This is a new installment in an ongoing series where Marc Bautis, Wealth Manager and Founder of Bautis Financial, comments on hot topics in the financial industry.
The only thing crazier than the Bills and Chiefs playoff football game last weekend was the way markets traded on Monday and Tuesday this week. First, they cratered to open the day on Monday with the Dow down 1000 points, placing it firmly in the crosshairs of a correction. But towards the end of the day on Monday, it mounted a stunning comeback. The first thought after the crazy day is that the market is showing signs of resilience and we’ll get back on track after a rough start to the year. Wrong. The pattern continued on Tuesday with the Dow dropping 800 points to start the day and then doing the same reversal as Monday to finish the day even.
While the swings are nerve wracking, they happen pretty regularly when you combine investors getting jittery with computer algorithms automating a lot of trades.
What Led to the Giant Selloff?
There are a few things that have led to the volatility we’re currently experiencing.
Fears around the Federal Reserve raising interest rates, and what rapidly removing support could do to markets and the economy. With all of the craziness going on, many forget that we’ve been in a big financial experiment as the Fed pumps money into the economy. No one knows exactly how the economy will react when interest rates increase.
Part of the reason the Fed is raising rates earlier than they had initially communicated is inflation worries. Inflation is at a 40-year high, and it has the power to wreak havoc on the economy and all individual’s personal finances.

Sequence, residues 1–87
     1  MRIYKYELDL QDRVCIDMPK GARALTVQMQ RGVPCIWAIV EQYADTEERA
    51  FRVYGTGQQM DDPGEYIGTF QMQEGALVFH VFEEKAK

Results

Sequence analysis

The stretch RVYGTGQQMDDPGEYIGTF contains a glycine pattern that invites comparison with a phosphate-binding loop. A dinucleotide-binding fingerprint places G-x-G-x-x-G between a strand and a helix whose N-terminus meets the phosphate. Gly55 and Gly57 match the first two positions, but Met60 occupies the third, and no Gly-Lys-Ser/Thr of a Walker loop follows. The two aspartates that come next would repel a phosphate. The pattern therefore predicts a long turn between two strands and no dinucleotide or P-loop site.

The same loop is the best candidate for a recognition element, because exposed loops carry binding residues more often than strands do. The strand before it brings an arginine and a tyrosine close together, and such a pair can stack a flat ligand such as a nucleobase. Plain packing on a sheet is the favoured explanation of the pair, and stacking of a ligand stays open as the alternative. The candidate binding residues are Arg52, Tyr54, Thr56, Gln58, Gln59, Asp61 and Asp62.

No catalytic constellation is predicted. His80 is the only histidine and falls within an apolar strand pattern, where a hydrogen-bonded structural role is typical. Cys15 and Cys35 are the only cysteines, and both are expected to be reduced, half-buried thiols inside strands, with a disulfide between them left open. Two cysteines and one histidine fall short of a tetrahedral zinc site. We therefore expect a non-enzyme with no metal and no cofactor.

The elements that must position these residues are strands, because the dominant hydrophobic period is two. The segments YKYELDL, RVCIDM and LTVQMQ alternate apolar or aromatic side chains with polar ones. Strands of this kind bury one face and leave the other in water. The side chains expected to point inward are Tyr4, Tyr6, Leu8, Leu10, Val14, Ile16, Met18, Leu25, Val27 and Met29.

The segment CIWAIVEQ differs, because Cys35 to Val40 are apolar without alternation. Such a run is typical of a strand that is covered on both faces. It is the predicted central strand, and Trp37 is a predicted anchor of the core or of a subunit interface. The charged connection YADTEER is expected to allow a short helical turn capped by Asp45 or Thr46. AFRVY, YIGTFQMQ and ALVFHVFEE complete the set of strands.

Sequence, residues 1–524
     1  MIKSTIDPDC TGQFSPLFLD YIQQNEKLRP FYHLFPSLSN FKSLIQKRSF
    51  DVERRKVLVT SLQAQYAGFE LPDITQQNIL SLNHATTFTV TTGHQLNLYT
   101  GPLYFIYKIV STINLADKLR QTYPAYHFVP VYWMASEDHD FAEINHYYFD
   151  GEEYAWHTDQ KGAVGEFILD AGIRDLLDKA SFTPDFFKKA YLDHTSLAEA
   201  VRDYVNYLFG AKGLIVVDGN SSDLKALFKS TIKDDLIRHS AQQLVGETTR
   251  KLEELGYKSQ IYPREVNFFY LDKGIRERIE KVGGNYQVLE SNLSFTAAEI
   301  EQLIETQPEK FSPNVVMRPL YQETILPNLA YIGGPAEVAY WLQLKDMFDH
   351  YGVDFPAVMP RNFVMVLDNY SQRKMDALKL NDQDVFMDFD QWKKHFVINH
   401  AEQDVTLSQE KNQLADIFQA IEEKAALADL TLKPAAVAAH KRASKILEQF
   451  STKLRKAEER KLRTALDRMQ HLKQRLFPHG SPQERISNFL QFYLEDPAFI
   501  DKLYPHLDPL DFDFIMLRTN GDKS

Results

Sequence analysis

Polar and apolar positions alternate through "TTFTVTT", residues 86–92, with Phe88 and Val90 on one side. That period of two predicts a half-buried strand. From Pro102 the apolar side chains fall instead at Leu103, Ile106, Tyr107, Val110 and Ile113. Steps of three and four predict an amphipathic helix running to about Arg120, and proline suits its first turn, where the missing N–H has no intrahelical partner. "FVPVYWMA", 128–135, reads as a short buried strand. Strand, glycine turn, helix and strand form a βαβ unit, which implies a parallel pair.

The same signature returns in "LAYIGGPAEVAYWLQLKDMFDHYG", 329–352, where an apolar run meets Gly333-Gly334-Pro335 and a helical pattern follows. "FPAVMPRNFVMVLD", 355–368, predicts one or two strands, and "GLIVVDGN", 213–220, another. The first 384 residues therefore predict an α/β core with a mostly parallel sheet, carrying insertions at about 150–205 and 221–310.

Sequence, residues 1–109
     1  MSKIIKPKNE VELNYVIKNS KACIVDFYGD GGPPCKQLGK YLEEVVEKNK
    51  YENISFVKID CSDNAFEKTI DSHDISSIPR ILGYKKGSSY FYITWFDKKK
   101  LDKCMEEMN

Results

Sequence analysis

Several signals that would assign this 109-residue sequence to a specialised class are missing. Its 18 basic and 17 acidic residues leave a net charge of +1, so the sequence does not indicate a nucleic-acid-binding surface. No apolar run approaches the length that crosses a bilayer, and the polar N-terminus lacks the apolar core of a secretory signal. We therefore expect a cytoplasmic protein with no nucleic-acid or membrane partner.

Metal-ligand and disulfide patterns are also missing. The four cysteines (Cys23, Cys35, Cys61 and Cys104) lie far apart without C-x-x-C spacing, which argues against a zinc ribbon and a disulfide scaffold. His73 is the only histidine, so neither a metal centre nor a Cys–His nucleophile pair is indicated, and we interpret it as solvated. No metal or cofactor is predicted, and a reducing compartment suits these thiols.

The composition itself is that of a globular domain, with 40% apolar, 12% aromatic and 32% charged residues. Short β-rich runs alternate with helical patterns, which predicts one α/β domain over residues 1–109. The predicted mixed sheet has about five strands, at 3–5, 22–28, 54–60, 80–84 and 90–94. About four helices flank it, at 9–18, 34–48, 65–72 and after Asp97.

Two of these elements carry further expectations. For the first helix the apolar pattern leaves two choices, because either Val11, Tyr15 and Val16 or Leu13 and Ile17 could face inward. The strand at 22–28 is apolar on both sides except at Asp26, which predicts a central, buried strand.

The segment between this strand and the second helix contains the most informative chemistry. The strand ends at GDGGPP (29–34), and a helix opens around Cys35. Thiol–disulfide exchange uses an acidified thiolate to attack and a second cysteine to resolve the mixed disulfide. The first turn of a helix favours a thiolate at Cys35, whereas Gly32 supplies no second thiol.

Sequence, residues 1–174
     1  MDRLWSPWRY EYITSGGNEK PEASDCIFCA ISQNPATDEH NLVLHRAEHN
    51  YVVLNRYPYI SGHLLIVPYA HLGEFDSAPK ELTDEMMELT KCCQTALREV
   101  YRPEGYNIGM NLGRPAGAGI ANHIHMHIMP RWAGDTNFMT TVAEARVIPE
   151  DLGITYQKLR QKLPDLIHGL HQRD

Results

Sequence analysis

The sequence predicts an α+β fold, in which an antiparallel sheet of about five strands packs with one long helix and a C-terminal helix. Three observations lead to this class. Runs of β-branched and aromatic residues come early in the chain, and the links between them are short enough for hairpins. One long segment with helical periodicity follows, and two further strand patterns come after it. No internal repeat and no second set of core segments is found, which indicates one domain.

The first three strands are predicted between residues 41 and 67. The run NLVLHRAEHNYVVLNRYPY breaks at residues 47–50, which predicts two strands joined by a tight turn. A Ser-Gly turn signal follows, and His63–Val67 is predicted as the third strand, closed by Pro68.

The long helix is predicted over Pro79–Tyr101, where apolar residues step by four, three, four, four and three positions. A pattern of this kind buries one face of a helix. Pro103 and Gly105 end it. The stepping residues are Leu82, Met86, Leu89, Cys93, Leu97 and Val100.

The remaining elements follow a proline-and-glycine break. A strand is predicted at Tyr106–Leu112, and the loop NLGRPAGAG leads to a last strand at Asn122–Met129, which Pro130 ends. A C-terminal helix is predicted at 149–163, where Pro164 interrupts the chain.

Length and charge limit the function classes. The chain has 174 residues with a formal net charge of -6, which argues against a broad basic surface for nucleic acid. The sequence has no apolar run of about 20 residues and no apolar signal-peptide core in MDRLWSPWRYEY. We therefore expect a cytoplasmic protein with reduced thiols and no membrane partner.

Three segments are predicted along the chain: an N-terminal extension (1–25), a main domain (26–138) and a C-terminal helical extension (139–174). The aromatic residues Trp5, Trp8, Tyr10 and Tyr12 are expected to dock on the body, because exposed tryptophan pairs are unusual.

Tech earnings. Last week started the release of 4th quarter (2021) corporate earnings. Corporate earnings are really important – they actually used to be the main driver of the markets, now overshadowed by Monetary policy. So far, the earnings have been mixed, especially in the technology and financial sectors, where we’re seeing the impact of COVID-19 and supply chain issues come to fruition.
A potential hot war in Ukraine. Geo-political events usually have the least impact of any of the issues we’ve covered, but they seem to be the most concerning to investors. It’s easy to visualize the next world war as a Russian-Ukraine war that spreads to other parts of the world.
Bottom line: Markets are being driven by fear, anxiety and uncertainty.
Could We See a Bear Market or Serious Corrections in the Weeks Ahead?
It’s possible. Corrections happen regularly and it wouldn’t be surprising to see continued volatility or major drops. Here’s a chart that shows intra-year dips in the S&P 500 alongside annual performance to illustrate how often markets take a dive. The red circles illustrate the market drops.
The big takeaway? In 14 of the last 22 years, markets have dropped at least 10%. We’re dealing with a lot of uncertainty and investors are feeling understandably cautious. However, that doesn’t mean that we should panic and rush for the exits.
We have no idea how long this wild ride will last.
The focus is always on the negative, but there are plenty of bright spots on the horizon, in terms of employment, earnings, economic growth and COVID-19.